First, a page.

Brazil’s coffee industry is made up of fourteen coffee-producing regions within six states; Minas Gerais, São Paulo, Espírito Santo, Bahia, Paraná and Rondonia.
Regions: Sul de Minas, Cerrado Mineiro, Chapada de Minas, and Matas de Minas
Minas Gerais has a mild climate and produces 50% of the total Brazilian coffee production. 60% of that is produced by small farms in the area.
The well-known Bourbon Santos variety is grown in Minas Gerais and Sao Paulo. It’s one of the medium-high quality coffees produced by Brazil, using a wet processing method, unlike most of the country.
Regions: Mogiana, Centro-Oeste, and Port of Santos
The Sao Paulo state boasts the highest coffee growing altitude in Brazil in the region of Mogaina at 900 – 1,000 meters above sea level.
Regions: Montanhas do Espírito Santo, and Conilon Capixaba
Espírito Santo produces the second-highest volume of coffee beans, primarily of the Robusta variety.
Regions: Planalto da Bahia, Cerrado da Bahia, and Atlantico Baiano
Bahia is a newer coffee state, starting coffee production in the 1970s. However, its use of technology has made it a powerhouse in the past few decades. Focusing on irrigation systems and using the consistent weather to its advantage, Bahia grows remarkably uniform Arabica coffee.
Regions: Norte Pionerio do Paraná
90% of Rondonia’s coffee is of the Robusta variety.
Brazilian coffee beans have a general flavor profile that consists of a full-body, low acidity, and intense sweetness with notes of caramel, chocolate (ranging from milk chocolate to bitter cocoa), and a certain nutty flavor, reminiscent of toasted almond. Higher grade beans carry citrus notes and brighter, fruity characteristics.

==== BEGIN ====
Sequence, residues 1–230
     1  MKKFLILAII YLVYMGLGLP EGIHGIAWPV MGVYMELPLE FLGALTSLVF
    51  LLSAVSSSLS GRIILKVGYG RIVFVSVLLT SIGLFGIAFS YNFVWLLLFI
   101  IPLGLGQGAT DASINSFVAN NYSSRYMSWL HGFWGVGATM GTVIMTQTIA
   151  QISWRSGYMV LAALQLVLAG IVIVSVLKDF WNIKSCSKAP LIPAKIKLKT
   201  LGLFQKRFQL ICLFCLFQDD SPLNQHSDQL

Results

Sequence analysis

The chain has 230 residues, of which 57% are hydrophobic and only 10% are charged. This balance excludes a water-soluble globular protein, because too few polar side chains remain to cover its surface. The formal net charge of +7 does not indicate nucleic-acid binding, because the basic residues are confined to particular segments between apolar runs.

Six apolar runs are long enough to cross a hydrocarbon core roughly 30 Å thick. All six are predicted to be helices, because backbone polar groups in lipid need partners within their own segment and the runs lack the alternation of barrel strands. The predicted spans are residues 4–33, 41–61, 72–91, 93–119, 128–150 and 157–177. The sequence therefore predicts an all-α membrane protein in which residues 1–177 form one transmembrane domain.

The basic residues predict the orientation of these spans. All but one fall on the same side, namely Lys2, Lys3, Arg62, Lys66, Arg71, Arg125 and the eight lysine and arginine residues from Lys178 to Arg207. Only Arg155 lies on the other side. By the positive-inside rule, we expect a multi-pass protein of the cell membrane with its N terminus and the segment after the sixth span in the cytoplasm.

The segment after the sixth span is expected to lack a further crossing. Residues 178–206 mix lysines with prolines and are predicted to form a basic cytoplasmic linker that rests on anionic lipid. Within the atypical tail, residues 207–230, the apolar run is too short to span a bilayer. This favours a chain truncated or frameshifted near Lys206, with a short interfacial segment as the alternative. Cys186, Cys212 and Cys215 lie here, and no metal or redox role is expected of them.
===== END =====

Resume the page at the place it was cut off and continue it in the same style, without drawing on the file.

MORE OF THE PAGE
Brazilian beans take to darker roasts well without becoming overly bitter because of the mild, well-balanced nature of the beans. Many choose to use these beans for espresso since they hold their taste well. A medium-dark roast (Vienna or Full City) is also a great choice.
Be careful as you roast the coffee beans! Brazilian coffee beans have a lower bean density, which can make roasting much more difficult if you’re not careful. Pay close attention at all times and apply a lower heat for a longer time to ensure a balanced roast.
When brewing Brazilian coffee beans, you want the coffee to achieve a full body with low acidity and notes of chocolate and toasted nut. There are three popular ways to go about this.
The most common brewing method is making espresso blends with either the Bourbon Santos or Brazil Cerrado variety. Brazilian coffee beans are just naturally made for this.
Brazilian beans in a cold brew create the perfect, smooth, refreshing drink.
A French Press is a full immersion brewer that is pairs well with the low acidic nature of Brazilian coffee and draws out the sweet chocolate notes and full-bodied characteristic.
Brazilian Coffee Recipe
4 cups hot cocoa
1 ½ cups strong Brazilian coffee
1 cup rum or brandy
½ cup heavy cream
1 tsp. sugar
Heat chocolate, coffee, and rum together until reach desired temperature.
Fold in sweetened whipped cream or put a spoonful on top of each serving.
Dust with cinnamon (optional).
As the world’s largest coffee producer, Brazil has left a great legacy in the world of coffee. With an emphasis on growth and learning, Brazil isn’t content to just let the coffee industry be run how it always has been, striving to grow quality, organic, fair-trade coffee.